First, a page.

On the eve of bayram and into the first day of the holiday, special visits are made to the gravesites of the deceased, which initiates the process of paying special respect to elders. Loved ones of the deceased will bring flowers, water the soil of the gravesite and say a special prayer.

On the morning of bayram, everyone dresses in their finest and newest threads to partake in a special family breakfast, which is painstakingly prepared. The father of the house will also give his children pocket money, which in the past would be wrapped up with candy into handkerchiefs and made into bundles that were distributed amongst the children. The males of the house take their sons with them to the mosque to take part in a very special prayer ceremony held on the first morning of eid. This is also an opportunity used by many fathers to introduce their sons to the Muslim namaz prayer ceremony.

The main event during bayram however is to reunite with family and loved ones by visiting one another's homes, beginning with the eldest family members first and working your way down. It doesn't matter if you have run into an older relative at another elder relative's house, the custom goes that each older relative must be paid a separate visit by those that are younger.

By the third day, it is time to visit friends. Every visit involves sweets being passed around, and kissing the hands of those that are older.
Due to the nature of this holiday being referred to as "the holiday of sweets," there is also a custom among children of going door to door in their neighborhoods to request candy. Therefore, it is crucial to have something sweet on hand to offer those that come to the door, similar in a sense to Halloween.

Candy and tips are also given to drummers that come knocking on doors during the holiday. These are of course the drummers that spent the past month undertaking the duty of waking up the faithful for "sahoor," the pre-dawn meal eaten before fasting.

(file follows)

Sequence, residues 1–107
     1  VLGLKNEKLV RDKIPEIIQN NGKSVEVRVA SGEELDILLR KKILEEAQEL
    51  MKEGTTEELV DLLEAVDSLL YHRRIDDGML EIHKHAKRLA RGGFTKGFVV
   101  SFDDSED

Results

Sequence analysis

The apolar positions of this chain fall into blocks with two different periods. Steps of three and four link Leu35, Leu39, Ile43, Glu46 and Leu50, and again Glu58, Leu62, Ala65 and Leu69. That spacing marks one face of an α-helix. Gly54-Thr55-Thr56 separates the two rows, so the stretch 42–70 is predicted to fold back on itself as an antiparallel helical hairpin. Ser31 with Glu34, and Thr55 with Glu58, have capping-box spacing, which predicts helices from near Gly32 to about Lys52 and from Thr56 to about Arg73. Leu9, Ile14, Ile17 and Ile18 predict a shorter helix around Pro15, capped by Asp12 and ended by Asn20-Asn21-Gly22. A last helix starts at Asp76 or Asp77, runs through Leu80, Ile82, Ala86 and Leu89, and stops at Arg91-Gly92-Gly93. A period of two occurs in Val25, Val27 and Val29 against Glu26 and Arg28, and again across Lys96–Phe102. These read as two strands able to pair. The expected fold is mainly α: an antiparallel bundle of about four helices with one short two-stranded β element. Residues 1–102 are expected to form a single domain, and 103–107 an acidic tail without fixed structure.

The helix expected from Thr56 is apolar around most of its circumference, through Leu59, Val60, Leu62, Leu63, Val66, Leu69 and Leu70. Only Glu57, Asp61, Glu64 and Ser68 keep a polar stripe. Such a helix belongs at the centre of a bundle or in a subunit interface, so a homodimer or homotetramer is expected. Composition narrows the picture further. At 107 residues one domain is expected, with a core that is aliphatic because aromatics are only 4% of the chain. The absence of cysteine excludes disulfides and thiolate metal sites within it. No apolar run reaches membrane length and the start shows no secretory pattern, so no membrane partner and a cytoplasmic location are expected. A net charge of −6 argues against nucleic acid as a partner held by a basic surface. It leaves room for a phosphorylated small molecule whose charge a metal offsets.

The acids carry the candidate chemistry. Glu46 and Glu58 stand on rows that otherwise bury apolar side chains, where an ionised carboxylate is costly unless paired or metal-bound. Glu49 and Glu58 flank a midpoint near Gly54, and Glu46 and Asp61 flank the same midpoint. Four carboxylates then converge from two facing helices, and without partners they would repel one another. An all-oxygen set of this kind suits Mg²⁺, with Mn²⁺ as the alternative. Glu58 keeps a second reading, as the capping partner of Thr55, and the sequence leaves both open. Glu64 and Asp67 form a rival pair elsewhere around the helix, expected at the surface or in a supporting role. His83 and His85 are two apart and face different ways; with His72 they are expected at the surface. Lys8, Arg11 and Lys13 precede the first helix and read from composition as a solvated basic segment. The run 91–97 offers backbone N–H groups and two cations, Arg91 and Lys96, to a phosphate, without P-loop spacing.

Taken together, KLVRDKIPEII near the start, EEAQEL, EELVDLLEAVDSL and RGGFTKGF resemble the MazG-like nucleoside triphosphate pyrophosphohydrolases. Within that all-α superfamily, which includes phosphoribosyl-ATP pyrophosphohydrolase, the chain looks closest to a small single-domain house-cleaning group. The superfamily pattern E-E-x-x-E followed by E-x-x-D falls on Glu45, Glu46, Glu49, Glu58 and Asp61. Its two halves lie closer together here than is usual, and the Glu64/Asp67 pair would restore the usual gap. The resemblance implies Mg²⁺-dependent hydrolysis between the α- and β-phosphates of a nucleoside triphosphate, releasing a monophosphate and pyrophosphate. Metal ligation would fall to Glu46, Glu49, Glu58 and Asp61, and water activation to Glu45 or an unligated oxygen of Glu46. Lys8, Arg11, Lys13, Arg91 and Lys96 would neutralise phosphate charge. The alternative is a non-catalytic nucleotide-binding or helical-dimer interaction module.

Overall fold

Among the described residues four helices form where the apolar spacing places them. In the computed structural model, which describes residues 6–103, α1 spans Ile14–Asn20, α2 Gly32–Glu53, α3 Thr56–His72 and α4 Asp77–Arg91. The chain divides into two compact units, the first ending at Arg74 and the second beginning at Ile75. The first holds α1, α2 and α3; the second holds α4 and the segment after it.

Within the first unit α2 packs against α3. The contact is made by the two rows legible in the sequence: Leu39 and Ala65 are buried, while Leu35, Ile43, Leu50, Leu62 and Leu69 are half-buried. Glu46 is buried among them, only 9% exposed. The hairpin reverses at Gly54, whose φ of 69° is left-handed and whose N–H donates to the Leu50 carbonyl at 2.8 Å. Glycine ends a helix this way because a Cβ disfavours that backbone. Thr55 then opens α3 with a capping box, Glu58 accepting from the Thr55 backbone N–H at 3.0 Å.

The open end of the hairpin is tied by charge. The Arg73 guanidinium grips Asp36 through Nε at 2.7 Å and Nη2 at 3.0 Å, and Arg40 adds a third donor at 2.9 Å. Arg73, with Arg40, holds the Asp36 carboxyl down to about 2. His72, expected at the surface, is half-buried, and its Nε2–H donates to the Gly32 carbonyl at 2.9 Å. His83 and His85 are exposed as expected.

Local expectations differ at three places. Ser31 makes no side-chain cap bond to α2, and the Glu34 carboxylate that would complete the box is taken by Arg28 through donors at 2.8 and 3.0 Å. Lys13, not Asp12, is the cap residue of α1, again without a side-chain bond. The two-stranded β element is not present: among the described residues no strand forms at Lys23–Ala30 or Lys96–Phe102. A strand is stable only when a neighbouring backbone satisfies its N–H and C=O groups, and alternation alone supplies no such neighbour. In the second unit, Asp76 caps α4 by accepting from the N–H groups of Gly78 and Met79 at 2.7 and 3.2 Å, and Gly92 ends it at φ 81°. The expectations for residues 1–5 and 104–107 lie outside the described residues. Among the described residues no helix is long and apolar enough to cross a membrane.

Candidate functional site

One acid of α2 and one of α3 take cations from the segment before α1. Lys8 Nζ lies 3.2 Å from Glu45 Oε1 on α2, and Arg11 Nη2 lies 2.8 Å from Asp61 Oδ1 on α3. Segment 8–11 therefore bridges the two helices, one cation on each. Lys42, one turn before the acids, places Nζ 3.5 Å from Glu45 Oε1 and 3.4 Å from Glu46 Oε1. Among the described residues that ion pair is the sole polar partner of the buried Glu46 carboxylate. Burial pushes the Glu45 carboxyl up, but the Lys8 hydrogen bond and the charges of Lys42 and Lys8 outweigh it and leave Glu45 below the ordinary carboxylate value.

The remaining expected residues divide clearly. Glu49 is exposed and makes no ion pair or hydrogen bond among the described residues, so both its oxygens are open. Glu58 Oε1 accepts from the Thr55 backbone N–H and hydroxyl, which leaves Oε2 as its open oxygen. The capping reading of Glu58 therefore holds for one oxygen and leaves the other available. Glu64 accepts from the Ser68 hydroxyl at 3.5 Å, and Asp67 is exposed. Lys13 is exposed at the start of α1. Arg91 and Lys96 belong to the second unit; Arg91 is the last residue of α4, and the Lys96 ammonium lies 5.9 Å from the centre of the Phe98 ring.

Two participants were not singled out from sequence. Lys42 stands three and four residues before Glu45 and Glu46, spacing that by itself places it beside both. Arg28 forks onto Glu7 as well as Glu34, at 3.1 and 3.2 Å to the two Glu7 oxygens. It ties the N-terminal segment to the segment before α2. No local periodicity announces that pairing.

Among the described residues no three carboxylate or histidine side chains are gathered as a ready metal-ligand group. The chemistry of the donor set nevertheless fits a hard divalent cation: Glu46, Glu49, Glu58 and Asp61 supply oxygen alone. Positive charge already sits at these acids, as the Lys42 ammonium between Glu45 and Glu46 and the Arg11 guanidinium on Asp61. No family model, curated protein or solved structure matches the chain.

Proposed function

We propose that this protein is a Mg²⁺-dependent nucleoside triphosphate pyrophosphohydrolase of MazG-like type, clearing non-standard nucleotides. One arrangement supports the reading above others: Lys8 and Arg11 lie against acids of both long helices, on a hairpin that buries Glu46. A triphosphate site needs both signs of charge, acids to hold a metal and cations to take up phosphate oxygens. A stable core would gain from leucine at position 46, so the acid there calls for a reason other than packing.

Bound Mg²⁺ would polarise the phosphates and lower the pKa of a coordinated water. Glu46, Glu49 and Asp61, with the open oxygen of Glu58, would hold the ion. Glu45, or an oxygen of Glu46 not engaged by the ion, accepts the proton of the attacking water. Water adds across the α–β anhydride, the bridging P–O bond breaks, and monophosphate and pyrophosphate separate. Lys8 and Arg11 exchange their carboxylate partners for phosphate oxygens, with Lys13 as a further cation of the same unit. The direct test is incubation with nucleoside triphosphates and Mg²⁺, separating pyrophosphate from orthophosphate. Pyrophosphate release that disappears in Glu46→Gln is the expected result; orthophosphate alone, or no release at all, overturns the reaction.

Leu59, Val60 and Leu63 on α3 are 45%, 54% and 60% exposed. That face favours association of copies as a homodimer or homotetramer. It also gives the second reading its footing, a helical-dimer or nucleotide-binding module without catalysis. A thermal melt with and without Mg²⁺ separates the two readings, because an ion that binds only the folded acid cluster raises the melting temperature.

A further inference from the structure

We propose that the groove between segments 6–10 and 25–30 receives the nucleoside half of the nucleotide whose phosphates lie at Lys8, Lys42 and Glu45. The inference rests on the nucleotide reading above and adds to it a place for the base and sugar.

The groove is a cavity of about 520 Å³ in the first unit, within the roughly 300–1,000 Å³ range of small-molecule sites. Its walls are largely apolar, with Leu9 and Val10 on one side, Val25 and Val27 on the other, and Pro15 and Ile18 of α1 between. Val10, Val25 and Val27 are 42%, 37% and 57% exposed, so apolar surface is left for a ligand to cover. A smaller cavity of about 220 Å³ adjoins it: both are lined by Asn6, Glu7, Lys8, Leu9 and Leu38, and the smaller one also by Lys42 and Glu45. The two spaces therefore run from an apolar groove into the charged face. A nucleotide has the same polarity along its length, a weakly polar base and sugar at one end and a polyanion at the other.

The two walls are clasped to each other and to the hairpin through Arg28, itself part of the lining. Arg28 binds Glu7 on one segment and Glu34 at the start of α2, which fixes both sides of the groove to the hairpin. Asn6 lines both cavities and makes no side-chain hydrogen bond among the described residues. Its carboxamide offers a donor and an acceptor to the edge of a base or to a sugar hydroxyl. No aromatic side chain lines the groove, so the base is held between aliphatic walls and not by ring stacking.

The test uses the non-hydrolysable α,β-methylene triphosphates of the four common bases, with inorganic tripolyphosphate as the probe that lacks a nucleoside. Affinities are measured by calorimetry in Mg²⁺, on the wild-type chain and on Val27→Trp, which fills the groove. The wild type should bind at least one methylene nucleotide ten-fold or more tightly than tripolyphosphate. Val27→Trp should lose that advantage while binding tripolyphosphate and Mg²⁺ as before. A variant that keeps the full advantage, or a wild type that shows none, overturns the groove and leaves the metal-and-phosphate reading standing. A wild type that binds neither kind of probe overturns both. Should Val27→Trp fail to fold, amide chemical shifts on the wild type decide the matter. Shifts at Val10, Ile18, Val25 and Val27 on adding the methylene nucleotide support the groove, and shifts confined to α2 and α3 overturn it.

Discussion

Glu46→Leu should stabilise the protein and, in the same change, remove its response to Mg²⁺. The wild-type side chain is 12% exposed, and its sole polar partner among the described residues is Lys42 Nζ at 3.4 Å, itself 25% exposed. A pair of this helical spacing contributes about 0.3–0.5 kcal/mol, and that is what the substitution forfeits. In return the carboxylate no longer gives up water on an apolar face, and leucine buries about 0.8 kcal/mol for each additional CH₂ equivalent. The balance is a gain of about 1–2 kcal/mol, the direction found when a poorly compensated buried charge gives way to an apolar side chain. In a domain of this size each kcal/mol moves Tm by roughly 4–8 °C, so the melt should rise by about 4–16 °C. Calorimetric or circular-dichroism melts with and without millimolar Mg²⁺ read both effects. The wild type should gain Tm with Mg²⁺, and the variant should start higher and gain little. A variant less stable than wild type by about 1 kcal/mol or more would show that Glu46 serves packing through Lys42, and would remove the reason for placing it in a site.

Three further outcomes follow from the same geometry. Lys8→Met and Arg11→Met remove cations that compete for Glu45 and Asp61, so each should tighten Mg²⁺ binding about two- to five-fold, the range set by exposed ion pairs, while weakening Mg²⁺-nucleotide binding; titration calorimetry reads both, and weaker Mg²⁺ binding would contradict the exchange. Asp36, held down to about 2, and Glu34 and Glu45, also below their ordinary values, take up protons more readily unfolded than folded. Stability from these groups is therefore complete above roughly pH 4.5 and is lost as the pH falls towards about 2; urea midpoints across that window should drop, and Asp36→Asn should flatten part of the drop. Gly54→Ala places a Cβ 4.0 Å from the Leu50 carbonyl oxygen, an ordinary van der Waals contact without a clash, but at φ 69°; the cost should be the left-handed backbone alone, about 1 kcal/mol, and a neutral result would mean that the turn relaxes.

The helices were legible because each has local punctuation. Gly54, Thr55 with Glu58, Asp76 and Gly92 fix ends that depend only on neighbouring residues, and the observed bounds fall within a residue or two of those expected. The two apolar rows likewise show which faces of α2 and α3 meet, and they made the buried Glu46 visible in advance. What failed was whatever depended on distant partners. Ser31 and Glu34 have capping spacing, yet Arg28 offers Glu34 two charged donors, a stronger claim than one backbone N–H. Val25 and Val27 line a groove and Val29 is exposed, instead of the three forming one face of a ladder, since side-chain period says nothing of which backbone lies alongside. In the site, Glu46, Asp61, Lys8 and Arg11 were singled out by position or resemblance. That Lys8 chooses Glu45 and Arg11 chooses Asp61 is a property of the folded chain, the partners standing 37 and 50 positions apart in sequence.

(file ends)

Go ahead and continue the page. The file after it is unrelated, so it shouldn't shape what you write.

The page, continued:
There is no doubt that one of the most significant aspects of Ramazan Bayramı, like most Muslim holidays, is the focus on helping humankind and being charitable. "Fidya," "Zakah" and "Fitr" are special forms of Islamic alms that play an important part of the bayram that follows Ramazan.

Muslims, which have the means to do so, are obliged by religion to present a series of alms to those less fortunate. Fidya is a daily donation given to the needy by those who are unable to fast. Every year, Diyanet calculates the minimum amount, which correlates to a day's worth of food (this year that figure is TL 10), which is given out for each day someone was unable to fast. Zakah is a form of alms calculated according to assets.

Those, whose wealth has been above the equivalent of 85 grams in gold for over a year, are obliged to donate one-fortieth of their assets to someone in need. Yet another form of alms intended to assist the circulation of wealth is Fitr, which is a donation made to the poor prior to the start of the Eid Al-Fitr in order to ensure they are able to celebrate the holiday. Fitr can also come in the form of food in addition to money.

Share on Facebook Share on Twitter